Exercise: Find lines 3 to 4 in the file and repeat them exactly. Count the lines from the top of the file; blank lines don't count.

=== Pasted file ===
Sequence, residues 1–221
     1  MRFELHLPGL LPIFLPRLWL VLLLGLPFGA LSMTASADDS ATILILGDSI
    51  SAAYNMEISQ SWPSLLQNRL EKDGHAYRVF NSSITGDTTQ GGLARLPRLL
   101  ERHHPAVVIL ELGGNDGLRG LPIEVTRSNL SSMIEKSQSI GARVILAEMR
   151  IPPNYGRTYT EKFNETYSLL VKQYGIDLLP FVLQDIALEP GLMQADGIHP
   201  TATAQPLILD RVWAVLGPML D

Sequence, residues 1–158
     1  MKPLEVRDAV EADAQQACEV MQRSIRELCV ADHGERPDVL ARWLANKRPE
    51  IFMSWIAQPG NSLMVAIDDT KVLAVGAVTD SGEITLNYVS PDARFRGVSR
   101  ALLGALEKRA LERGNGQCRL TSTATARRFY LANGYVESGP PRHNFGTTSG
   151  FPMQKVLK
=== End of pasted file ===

    51  SAAYNMEISQ SWPSLLQNRL EKDGHAYRVF NSSITGDTTQ GGLARLPRLL
   101  ERHHPAVVIL ELGGNDGLRG LPIEVTRSNL SSMIEKSQSI GARVILAEMR